question on recent Java virus affecting JRE/applets


N

Nasser M. Abbasi

I have been reading more lately about a virus from some
Java applets.

This article below suggest to disable Java plugins in the browser,
which I just did just in case:

http://news.techeye.net/security/virus-installs-in-your-memory

http://www.h-online.com/security/ne...being-exploited-on-a-large-scale-1485681.html

------------------------------
"However, not even those who use the most current version of Java can
feel entirely safe"
....
"To be on the safe side, users can completely uninstall Java
or at least disable the browser plug-in"
------------------------

My question: Does this virus problem also affects downloading
a java application as a jar file and running it on the PC
or you think it only affects JRE and applets that run
in a browser?

Because sometimes I do download a java jar file, and wanted to
know if I should also stop that (until this Java virus thing
is all resolved).

--Nasser
 
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A

Arne Vajhøj

I have been reading more lately about a virus from some
Java applets.

This article below suggest to disable Java plugins in the browser,
which I just did just in case:

http://news.techeye.net/security/virus-installs-in-your-memory

http://www.h-online.com/security/ne...being-exploited-on-a-large-scale-1485681.html


------------------------------
"However, not even those who use the most current version of Java can
feel entirely safe"
...
"To be on the safe side, users can completely uninstall Java
or at least disable the browser plug-in"
------------------------

The known problem is fixed in latest versions so upgrading closes
those security holes.

The rumor about another security hole with no fix is difficult to
comment on. It may be true or it may not be true. Most likely there
are one or more unknown vulnerabilities in Java. But there are most
likely also one or more unknown vulnerability in each of Flash,
IE, FireFox, Chrome, Windows, Linux and MacOS X.
My question: Does this virus problem also affects downloading
a java application as a jar file and running it on the PC
or you think it only affects JRE and applets that run
in a browser?

The problem is an applet problem - it is a problem related
to the applet sandbox.

If you download a jar and runs it then it has full access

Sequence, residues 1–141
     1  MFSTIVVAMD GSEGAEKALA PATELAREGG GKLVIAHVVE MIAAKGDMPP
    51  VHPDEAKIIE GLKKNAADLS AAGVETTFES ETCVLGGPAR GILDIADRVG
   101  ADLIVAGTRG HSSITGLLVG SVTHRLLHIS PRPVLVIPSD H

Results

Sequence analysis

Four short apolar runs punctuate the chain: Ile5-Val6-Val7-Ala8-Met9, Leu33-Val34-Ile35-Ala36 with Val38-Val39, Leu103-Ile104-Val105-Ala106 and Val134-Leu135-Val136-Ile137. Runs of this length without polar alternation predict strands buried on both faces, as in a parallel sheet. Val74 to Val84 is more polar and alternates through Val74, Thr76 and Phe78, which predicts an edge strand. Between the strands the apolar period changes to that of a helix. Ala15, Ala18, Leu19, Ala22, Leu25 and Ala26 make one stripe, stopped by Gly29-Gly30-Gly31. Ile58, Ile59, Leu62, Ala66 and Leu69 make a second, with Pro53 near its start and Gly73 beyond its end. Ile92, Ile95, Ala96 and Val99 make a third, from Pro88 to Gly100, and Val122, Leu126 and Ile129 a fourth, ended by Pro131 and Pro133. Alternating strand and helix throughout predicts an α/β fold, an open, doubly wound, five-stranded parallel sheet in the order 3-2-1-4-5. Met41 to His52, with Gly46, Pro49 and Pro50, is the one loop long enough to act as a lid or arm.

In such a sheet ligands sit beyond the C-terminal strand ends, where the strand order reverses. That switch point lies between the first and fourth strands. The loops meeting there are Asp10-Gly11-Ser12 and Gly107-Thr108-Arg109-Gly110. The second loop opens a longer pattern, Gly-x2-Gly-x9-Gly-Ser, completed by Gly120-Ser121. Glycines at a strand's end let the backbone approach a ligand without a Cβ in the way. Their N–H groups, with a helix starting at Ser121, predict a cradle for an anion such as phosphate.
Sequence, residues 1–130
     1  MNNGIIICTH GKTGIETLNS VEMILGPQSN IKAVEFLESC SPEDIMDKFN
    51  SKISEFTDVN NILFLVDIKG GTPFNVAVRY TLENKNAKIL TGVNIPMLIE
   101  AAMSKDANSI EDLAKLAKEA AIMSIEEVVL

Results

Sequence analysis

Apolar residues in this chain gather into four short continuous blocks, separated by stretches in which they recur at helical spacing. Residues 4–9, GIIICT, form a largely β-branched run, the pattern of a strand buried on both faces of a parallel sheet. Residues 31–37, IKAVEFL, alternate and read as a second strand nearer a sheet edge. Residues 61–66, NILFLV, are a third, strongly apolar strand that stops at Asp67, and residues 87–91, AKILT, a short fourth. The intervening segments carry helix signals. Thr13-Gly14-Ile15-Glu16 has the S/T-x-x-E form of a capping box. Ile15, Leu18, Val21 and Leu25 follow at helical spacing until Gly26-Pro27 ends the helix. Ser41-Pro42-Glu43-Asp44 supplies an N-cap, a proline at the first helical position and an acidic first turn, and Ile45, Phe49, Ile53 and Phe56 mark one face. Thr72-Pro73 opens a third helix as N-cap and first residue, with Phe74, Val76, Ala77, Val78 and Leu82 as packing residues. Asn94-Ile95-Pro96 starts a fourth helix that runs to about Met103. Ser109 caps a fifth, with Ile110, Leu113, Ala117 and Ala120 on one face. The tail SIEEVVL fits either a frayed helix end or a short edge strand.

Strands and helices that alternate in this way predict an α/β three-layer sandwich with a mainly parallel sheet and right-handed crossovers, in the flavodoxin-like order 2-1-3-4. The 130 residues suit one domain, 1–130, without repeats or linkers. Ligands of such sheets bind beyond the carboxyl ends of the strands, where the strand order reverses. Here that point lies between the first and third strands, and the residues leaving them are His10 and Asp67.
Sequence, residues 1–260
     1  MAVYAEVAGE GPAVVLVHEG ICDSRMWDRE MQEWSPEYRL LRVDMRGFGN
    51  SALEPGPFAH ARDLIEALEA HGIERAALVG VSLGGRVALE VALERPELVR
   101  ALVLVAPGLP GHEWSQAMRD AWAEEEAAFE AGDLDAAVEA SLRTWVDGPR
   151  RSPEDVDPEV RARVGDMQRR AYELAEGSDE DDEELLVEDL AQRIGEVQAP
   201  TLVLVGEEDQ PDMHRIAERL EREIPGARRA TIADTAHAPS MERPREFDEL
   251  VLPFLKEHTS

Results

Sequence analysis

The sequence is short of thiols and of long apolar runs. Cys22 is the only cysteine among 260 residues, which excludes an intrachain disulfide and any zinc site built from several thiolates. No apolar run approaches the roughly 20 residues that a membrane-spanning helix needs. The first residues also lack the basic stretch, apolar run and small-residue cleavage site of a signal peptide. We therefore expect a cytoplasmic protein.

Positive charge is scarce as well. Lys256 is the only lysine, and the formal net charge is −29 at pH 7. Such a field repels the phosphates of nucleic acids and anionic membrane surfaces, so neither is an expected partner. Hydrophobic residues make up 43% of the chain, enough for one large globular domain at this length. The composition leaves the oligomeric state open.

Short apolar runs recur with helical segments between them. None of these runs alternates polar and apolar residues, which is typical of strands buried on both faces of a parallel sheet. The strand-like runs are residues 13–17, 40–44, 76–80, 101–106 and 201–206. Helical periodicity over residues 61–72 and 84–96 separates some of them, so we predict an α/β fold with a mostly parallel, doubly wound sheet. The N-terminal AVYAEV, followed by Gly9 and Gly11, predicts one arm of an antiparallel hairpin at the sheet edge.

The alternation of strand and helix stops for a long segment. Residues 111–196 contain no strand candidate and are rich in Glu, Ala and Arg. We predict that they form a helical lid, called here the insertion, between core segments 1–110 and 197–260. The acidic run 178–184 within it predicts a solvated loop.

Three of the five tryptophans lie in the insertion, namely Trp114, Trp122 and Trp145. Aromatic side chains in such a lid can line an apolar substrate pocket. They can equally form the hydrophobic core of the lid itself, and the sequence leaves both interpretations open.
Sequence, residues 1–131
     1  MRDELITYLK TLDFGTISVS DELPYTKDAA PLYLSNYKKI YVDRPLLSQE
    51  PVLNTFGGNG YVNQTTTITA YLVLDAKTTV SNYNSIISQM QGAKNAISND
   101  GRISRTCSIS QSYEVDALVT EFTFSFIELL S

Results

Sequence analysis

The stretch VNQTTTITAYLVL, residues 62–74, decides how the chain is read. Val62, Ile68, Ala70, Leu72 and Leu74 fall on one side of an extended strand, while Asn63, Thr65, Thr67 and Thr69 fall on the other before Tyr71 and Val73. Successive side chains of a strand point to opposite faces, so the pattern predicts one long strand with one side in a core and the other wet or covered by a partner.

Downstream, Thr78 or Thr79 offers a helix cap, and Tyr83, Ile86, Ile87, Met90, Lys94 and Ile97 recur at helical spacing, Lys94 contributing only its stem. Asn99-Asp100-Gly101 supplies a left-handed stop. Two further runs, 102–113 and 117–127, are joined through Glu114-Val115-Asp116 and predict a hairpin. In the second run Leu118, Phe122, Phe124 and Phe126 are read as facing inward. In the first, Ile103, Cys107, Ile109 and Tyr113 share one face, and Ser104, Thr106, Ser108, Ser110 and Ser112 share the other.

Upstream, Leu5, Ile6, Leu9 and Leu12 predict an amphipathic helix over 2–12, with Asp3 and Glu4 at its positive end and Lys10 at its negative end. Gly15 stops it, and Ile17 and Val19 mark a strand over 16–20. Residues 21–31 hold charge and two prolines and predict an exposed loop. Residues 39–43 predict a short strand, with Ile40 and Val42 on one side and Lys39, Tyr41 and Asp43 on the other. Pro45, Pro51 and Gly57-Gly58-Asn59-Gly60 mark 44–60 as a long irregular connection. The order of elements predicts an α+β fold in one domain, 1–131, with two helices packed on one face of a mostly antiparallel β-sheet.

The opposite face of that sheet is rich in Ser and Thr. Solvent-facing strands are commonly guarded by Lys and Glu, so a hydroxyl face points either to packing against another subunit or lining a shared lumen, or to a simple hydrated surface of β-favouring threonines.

(as defined by the account running it) by default - and that
it not even a bug.

Arne
 
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S

Stefan Ram

Arne Vajhøj said:
The rumor about another security hole with no fix is difficult to

One can assume that for most wide-spread browsers, plug-ins
and operating systems, zero-day exploits are available for
money. Experience teaches that there always are more holes
already being exploited than known to the public. But this
does not only apply to Java.

According to "heise Verlag", a zero-day exploit for Chrome
or IE costs up to $ 200000, Firefox/Safari $ 150000, Windows
$ 120000, then Word, Flash, Java, Android and OS X, finally,
Flash $ 5000 - $ 30000. (http://heise.de/-1479675)

However, one might be able to restrict rights for the JVM
under windows using integrity levels and Software
Restriction Policies, so that Java-software still can
perform its benign activities. This gives an additional
container of security around the internal Java-Sandbox.

Most ways of infections via web browser can be avoided if
one disables ... not Java, but JavaScript.
If you download a jar and runs it then it has full access
(as defined by the account running it) by default - and that
it not even a bug.

In this case, one has to »trust« the source anyway. But it
can happen that a program from a trustable source might have
been tampered with by a third party.

However, a jar can be decompiled, inspected and finally
recompiled, which is not possible in the case of many other
executable file types. Insofar, Java is safer.
 

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